Now available on Amazon – Dreamworking–How to Listen to the Inner Guidance of Your Dreams – published by Llewellyn Books.
Click here to buy it on Amazon.
Dreamworking – How to Listen to the Inner Guidance of Your Dreams outlines Christopher Sowton’s practical, five-step method for helping you or someone else understand a dream. This dreamworking method has been learned and used by hundreds of health care practitioners, therapists and counselors. Each step of the method is illustrated and supported by real dream examples.
Drawing on Christopher’s 20 years of clinical experience and study in dreamwork, the book covers:
- Effective questions to use in dream facilitation
- Why we should pay attention to our dreams
- The language of dreams
- Spotting the metaphor or figure of speech in a dream
- The problem of fixed meanings and superstitions
- How to get oriented within a dreamscape
- How to help connect the dream to the dreamer’s life
- fourteen universal dream motifs and how to work with them
- How to differentiate negative figures in dreams
- Birth and baby dreams and what they tell us
- How to approach sexual dreams
Reviews and Testimonials
“Disregard your dreams at your peril because working with them is good for both your mental and physical health. This is the message of Christopher Sowton’s remarkable Dreamworking, which not only makes an airtight case for the importance of dreamwork, but teaches you how to follow up on what you have learned. Sowton has presented a book that is not only thoroughly original but incredibly comprehensive it both its width and its depth. If you apply the method so well articulated in Dreamworking, your life may never be the same again — and you will celebrate the change!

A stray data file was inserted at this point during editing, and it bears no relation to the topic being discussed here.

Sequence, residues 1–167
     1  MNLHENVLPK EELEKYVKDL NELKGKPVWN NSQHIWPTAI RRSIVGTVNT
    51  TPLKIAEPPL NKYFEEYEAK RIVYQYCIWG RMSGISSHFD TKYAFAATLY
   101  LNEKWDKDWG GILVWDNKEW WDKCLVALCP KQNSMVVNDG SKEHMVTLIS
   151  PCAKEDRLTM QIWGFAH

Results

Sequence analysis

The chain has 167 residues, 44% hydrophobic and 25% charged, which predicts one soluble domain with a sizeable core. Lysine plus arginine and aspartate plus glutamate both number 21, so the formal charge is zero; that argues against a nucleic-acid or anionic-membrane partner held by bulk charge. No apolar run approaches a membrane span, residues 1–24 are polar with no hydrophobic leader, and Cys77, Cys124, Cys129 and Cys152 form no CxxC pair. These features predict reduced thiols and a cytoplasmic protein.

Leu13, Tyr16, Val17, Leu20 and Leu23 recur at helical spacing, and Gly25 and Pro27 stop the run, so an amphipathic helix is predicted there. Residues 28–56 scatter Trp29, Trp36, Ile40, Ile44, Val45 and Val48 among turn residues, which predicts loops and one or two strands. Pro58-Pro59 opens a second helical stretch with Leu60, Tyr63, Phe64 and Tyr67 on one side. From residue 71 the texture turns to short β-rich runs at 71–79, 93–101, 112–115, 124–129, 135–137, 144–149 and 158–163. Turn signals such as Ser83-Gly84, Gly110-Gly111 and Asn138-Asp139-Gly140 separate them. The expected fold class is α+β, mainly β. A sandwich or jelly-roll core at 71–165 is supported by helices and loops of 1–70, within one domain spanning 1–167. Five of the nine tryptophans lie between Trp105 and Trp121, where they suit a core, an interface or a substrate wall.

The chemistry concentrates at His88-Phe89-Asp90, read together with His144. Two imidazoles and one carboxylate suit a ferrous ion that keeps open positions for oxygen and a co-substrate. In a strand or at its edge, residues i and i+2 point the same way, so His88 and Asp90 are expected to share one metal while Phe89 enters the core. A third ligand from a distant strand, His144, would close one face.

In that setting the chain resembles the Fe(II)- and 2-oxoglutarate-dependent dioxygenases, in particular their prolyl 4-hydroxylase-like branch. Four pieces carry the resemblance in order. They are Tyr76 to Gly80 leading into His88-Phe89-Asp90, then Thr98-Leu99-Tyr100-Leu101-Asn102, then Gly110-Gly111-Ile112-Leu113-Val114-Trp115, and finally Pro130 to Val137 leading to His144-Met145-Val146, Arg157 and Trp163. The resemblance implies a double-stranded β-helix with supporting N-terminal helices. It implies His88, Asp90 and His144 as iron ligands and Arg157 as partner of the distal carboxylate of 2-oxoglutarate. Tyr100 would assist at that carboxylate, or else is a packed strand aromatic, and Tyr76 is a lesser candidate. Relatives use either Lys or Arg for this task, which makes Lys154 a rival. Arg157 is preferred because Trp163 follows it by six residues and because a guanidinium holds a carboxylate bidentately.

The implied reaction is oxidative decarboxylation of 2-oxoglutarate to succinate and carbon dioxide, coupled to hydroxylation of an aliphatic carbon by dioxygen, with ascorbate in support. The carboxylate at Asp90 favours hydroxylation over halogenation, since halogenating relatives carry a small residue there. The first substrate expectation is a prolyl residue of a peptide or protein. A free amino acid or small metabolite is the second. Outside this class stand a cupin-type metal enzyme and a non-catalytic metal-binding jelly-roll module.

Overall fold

~ Stanley Krippner, Ph.D., Professor of Psychology, Saybrook University
Co-author, “Extraordinary Dreams and How to Work With Them”
“In his excellent guidebook for helping people understand dreams, their own or those of clients, Dr. Christopher Sowton provides a precious map of the territory. Although many dreamworkers have attempted to chart this still-exotic landscape, Dr. Sowton clarifies the trails, helps dreamers find their way deep inland, unearth the hidden treasure and bring it safely home.
Whether you are a professional healthcare provider or just curious about your own dreams, Dr. Sowtons five-pronged approach provides a clear, practical method for gaining insight into the connections between dreamers images and their waking lives. He helps readers understand the language of dreams and highlights the crucial importance of not only receiving dream messages but also of responding to these messages, an element often missing from books on dreams.
Those readers new to dreamwork will want to explore Dr. Sowton’s book from the beginning, with its many useful tips and basic method. Experienced dreamworkers may wish to turn directly to Part III for its rich material on common dream themes and its dream motif map. Neophyte and professional will be rewarded. Especially strong in showing ways to help dreamers make the crucial connections between dream imagery and waking life, the material provides a significant resource for all people interested in their dreams. Overall, Dr. Sowton’s book is a valuable tool for dreamworker and dreamer alike. Highly recommended.
~ Patricia Garfield, Ph.D., author of Creative Dreaming, The Healing Power of Dreams, The Universal Dream Key, The 12 Most Common Dream Themes around the World